By PETER F. ANSON
Recently an ex-Masonic Hall within a few yards of the ruined cathedral of Fortrose in Scotland was bought, and is now being transformed into a Catholic church, under the same dedication as the cathedral—SS. Peter and Boni' face. The latter saint was an Irish missionary, also known as Curitan, who evangelised this part of Scotland during the eighth century. Most of the decorations land furniture are being carried out by the Benedictine monks of Prinknash.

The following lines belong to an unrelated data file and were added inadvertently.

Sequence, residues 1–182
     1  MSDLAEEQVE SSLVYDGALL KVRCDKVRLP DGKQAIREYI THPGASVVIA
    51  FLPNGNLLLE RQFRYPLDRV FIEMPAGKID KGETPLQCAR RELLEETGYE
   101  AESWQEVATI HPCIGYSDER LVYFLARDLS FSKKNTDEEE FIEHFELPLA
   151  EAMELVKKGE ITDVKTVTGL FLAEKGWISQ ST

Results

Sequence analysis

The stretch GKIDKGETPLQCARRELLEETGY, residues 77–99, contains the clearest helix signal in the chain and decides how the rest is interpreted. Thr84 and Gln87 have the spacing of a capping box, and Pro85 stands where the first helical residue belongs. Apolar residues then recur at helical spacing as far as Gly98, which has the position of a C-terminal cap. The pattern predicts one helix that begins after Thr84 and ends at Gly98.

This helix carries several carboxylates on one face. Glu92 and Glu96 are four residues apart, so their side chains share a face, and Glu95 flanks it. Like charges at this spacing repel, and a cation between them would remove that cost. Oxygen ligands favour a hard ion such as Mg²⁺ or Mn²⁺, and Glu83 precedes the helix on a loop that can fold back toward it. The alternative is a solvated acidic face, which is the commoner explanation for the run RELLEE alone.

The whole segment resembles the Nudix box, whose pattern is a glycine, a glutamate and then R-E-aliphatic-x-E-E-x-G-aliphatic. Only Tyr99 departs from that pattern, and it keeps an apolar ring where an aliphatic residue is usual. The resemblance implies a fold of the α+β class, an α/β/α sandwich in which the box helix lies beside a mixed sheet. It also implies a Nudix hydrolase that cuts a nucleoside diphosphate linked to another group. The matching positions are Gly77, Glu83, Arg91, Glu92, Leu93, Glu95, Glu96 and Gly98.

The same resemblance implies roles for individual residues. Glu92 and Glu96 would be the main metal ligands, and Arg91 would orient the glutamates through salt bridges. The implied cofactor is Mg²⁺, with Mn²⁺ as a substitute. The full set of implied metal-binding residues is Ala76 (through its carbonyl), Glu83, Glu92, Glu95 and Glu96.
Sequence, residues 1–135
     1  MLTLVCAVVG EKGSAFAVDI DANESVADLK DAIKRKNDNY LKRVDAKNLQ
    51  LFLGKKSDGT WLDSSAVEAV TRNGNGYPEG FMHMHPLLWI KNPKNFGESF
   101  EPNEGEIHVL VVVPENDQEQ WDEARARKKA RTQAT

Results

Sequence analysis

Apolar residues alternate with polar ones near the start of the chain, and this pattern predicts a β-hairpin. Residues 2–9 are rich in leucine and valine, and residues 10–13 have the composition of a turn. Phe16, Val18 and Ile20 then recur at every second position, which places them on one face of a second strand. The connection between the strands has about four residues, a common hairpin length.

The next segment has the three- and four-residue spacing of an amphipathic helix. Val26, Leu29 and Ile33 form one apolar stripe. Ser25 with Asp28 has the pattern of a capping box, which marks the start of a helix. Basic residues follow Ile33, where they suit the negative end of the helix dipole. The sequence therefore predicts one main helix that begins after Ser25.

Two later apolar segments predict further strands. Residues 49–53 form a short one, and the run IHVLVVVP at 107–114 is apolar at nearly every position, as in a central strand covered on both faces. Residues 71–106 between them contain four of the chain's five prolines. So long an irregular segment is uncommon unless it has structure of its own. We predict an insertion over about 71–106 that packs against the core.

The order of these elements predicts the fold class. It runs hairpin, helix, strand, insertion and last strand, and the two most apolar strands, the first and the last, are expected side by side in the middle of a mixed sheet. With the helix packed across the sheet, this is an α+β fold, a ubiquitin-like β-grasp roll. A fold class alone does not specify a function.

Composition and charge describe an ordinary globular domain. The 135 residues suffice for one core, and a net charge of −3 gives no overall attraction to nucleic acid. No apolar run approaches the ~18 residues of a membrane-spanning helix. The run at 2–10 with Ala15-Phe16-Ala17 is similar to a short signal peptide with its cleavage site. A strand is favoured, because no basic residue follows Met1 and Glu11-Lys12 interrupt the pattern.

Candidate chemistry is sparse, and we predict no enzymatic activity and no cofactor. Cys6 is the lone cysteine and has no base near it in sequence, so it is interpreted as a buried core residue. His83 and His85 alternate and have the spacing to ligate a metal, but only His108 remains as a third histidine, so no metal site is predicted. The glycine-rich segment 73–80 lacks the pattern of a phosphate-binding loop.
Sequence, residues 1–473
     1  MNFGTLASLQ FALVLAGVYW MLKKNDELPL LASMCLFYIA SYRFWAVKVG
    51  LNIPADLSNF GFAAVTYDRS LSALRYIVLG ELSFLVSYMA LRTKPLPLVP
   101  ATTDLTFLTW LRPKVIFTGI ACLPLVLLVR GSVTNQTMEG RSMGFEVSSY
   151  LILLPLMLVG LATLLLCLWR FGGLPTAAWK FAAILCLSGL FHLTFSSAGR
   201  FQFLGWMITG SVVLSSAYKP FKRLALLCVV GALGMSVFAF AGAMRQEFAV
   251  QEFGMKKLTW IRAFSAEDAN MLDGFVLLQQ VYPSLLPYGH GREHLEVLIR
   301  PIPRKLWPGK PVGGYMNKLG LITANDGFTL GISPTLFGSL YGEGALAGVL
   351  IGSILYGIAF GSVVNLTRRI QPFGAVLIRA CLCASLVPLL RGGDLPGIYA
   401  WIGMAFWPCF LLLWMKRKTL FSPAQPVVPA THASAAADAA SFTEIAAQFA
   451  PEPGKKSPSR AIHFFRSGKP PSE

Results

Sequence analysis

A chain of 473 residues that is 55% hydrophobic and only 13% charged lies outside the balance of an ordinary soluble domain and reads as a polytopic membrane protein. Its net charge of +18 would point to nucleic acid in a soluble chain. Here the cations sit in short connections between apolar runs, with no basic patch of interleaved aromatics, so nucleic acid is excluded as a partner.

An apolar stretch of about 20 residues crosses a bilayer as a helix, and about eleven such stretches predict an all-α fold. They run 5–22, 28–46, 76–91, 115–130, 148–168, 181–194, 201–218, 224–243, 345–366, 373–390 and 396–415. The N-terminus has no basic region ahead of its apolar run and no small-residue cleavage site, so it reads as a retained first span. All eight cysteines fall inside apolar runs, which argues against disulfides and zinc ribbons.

Fortrose is situated in the modern Catholic parish of Beastly, and Mass is now celebrated here every Sunday whenever a priest is available.
About the year 1128, King David I founded the diocese of Ross and erected a cathedral at Rosemarkie on the upper part of the Moray Firth. Early in the fourteenth century a new cathedral was built at Chanonry, a mile distant, and in 1444 James II united the two little burghs into one town, renaming it Fortrose.
The greater part of this lovely red sandstone cathedral was pulled down after the Reformation, and to-day nothing is left but the south aisle of the nave and the Chapter House. It is said that Cromwell completed the desecration by using the stone to build a fort at Inverness.